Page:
The principle of transparency about how public money is spent is under threat, according to the Chief Ombudsman and the Green Party. The Government's plan to block public scrutiny of the soon-to-be partially-privatised power companies has come under attack from Chief Ombudsman Beverley Wakem, according to Adam Bennett's Ombudsman warns on power selldown.
Proposed legislation would remove the SOEs' obligations under the Official Information and Ombudsman's Act, but Wakem argues that, with the Crown having the controlling stake in these large companies, the need for oversight and accountability remains. She says there are plenty of existing safeguards to deal with commercial sensitivities and that many partially privatised council-owned businesses have proven that public scrutiny does not create commercial disadvantages.
Similarly, the Greens' education spokesperson Catherine Delahunty is asking why taxpayers aren't being told the details of the first contract for two Charter Schools in West Auckland - see RNZ's Contract details wanted by Greens.
Gordon Campbell also looks at the need for public scrutiny of Public Private Partnerships, using an evaluation by the OECD of recent experience in Melbourne and London - see: On the government's new PPP deal in education. Campbell concludes: 'if you monitor a PPP franchise operation properly, its alleged cost savings tend to vanish'. He says PPP's 'routinely invite "beauty contest" tendering - where unrealistically low bids win the contracts, allowing politicians to brag about cost savings. Then the same politicians prove incapable of ensuring the contractors were held to account for subsequent cost "over-runs" and extortionate lease conditions and debt financing that can end up pushing overall costs through the roof'.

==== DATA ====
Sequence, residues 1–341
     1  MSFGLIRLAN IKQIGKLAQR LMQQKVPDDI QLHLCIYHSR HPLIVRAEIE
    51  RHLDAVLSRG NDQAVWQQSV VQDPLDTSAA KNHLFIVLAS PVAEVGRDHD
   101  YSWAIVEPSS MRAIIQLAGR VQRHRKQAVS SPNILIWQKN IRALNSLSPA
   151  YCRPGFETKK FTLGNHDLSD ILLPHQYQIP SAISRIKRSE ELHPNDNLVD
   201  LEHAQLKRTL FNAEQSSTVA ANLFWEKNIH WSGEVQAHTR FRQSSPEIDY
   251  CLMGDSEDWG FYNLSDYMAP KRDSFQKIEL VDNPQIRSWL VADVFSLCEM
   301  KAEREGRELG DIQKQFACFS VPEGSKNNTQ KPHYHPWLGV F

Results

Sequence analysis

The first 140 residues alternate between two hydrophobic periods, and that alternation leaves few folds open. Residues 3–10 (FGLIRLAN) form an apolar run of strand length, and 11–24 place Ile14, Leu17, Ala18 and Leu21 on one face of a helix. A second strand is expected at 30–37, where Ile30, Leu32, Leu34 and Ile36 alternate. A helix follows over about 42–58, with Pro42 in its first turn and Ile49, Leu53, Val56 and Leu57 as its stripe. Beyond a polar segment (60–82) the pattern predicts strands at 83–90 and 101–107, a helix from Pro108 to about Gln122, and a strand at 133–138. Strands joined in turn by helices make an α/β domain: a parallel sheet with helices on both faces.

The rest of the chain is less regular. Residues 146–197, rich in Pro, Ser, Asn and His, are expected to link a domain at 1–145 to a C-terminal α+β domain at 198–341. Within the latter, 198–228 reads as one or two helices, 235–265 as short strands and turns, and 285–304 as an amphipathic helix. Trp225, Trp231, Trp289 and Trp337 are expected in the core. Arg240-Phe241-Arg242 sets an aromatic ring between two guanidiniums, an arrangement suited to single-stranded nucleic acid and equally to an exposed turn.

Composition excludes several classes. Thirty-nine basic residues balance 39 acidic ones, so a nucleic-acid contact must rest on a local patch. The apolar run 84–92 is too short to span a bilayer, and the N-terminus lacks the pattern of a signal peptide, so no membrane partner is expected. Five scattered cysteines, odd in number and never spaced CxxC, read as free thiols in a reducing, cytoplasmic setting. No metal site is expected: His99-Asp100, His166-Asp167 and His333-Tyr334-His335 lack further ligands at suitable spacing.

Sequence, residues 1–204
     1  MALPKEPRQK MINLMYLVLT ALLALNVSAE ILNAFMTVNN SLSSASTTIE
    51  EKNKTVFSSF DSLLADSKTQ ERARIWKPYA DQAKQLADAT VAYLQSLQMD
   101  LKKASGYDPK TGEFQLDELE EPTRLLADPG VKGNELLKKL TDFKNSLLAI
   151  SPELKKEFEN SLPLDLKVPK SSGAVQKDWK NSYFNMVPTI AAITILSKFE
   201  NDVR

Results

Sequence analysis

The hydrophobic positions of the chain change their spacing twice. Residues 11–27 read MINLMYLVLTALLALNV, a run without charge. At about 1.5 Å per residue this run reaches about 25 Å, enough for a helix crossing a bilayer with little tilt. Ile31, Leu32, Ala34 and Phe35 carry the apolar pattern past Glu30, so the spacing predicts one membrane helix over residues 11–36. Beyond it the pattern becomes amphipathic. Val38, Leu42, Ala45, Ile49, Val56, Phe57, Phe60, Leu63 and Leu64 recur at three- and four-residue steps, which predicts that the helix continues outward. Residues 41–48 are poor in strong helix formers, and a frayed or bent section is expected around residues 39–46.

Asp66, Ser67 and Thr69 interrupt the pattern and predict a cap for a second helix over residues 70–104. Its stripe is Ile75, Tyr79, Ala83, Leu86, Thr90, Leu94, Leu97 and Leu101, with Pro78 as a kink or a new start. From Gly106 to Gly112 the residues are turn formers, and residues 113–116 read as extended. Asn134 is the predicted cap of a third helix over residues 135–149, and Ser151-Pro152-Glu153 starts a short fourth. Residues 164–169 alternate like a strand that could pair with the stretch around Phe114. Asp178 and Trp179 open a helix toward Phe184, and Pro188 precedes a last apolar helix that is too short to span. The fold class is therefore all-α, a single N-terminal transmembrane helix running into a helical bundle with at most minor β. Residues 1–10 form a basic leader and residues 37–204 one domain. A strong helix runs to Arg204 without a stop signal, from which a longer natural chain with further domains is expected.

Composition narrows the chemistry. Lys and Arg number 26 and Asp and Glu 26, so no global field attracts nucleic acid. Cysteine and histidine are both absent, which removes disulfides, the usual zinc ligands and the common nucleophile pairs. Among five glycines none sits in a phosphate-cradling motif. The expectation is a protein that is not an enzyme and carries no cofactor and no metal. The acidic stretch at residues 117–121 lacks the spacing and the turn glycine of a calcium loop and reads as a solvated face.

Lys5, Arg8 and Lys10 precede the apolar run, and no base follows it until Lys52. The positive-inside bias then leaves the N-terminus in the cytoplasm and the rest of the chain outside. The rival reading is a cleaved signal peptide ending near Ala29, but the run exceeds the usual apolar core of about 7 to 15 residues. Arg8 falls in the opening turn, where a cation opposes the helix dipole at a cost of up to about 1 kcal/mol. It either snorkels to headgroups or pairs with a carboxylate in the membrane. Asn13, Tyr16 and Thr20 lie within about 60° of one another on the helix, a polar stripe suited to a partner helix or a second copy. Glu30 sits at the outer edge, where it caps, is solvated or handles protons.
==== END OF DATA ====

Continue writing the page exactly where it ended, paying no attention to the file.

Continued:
The flow of money and influence into the political process is also attracting attention as a Green MP's bill to regulating lobbying has been drawn from the ballot. Both the Herald and Dominion Post support some regulation, saying it is inevitable, even if the level of lobbyist influence is considered to be far less than in other nations - see the Herald's The time has come for more transparency and the Dominion Post's Shine a little light on lobbyists. It's also worth noting some potential problems with such regulation of political activity - outlined today in David Farrar's blogpost on The Lobbying Disclosure Bill.
Political donations have always been a key lobbyist tool and the examination of candidate donations for the last election continues with today's No Right Turn blogpost Who is buying our politicians? which lists the big donors, including Talleys who gave $5000 each to eight National backbenchers. David Farrar looks at third party campaign disclosures and argues 'the spending by unions is a magnitude greater than that by business groups' - see: Union spending in the campaign.
One simple, but unlikely, way to make political donations transparent would be to adopt a tongue-in-cheek proposal that has been floating around the US for a new dress code for politicians. They would be required to wear the corporate logos of their sponsors, in the same way that NASCAR drivers do - see a mockup here.
Australia's hardline stance on asylum seekers and enthusiasm to pass them onto New Zealand is causing some concern.
Tracy Watkins reports that John Key has previously taken his own hard line on the issue when a boat load of Sri Lankan refugees was intercepted in Indonesia on their way to New Zealand - see: Aussie to let refugees sail for NZ.